- Visualize. When purchasing new RV furniture, we used painter’s tape directly on the floor in the shape and size of the furniture we were considering. The tape helped us envision how big a footprint the furniture would take, and quickly helped us decide on the right-sized furniture for us. Hint: You can use this same idea when placing a picture or shelf on the wall of your RV. Use painter’s tape directly on the wall to create a visualization of your picture’s dimensions. You’ll know in a flash whether you’ll like the placement, just by seeing the outline.
- Label drink cups. When grandchildren RV with us, we label each child’s cup with their name. No more mix-ups! (And far fewer cups to wash, too.) When kids leave, the tape is easily removed with no sticky residue.
- Remove pet hair. Wind painter’s tape around your hand, with the sticky side out. Then use the tape to remove pet hair from furniture. Rotate the tape as you clean.
- Chip bags. In a pinch, we’ll use a bit of painter’s tape to keep chip bags closed. It works well because it’s easily removed and can be used multiple times.
- Reminders. My husband will often place a piece of painter’s tape on our truck’s steering wheel as a reminder before we hit the road. We often forgot to extend our truck’s outside mirrors before leaving the campground. The tape reminds us to do that before getting on the road.
- Corral small items. Form a loop of painter’s tape with the sticky side out. Stick the tape on the countertop. Place screws, washers, fuses, and other small parts on the tape to keep them within reach as you work.
- Clean tight spots. Painter’s tape can help you clean small spaces, like your laptop keyboard. Just bend the tape to the shape you need and let the sticky side capture dust and crumbs.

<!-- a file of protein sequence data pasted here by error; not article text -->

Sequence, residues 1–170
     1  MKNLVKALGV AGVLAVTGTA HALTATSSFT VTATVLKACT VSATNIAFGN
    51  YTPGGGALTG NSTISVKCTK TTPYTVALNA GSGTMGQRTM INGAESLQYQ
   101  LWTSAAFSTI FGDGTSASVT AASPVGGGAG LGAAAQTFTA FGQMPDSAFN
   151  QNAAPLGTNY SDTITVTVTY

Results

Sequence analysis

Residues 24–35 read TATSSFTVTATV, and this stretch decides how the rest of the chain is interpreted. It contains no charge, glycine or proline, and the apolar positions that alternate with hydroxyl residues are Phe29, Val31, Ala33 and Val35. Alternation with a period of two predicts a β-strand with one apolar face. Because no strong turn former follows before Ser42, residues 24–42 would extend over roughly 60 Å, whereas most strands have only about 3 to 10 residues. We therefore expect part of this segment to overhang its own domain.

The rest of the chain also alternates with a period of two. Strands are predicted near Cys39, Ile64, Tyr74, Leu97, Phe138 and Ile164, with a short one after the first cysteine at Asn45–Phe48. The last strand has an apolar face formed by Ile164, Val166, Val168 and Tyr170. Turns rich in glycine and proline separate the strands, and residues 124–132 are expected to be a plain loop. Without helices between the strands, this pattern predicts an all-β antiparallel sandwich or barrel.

- Fun and games. Grandkids love it when we play tic-tac-toe on rainy days. I put painter’s tape directly on our RV’s vinyl floor in the shape of the game’s grid. We use two different coins for x’s and o’s. When the kids tire of the game, the tape pulls up easily. (When the boys were younger, I’d make painter’s tape highways throughout the RV. They loved running their Hot Wheels on the “road.” I also securely taped plastic zoo animals to the RV dining table. “Freeing the animals” kept little hands entertained and busy while I made dinner.)
Do you carry painter’s tape in your RV? How do you use it? Tell us in the comments.
Suddenly feeling like you should stock up on some painter’s tape? Find some here.
Speaking of painters…
- Have a paint nick or chip on your RV? Here’s an easy trick.
Hurricane on the way? I use painters tape on every window & joint of the RV while ratchet strapping the frame down to screws in the ground. Just make sure to take the tape off in a day or two or it is difficult after the sun has been beating on it. Has kept the inside of the camper perfectly dry thru all that blowing water….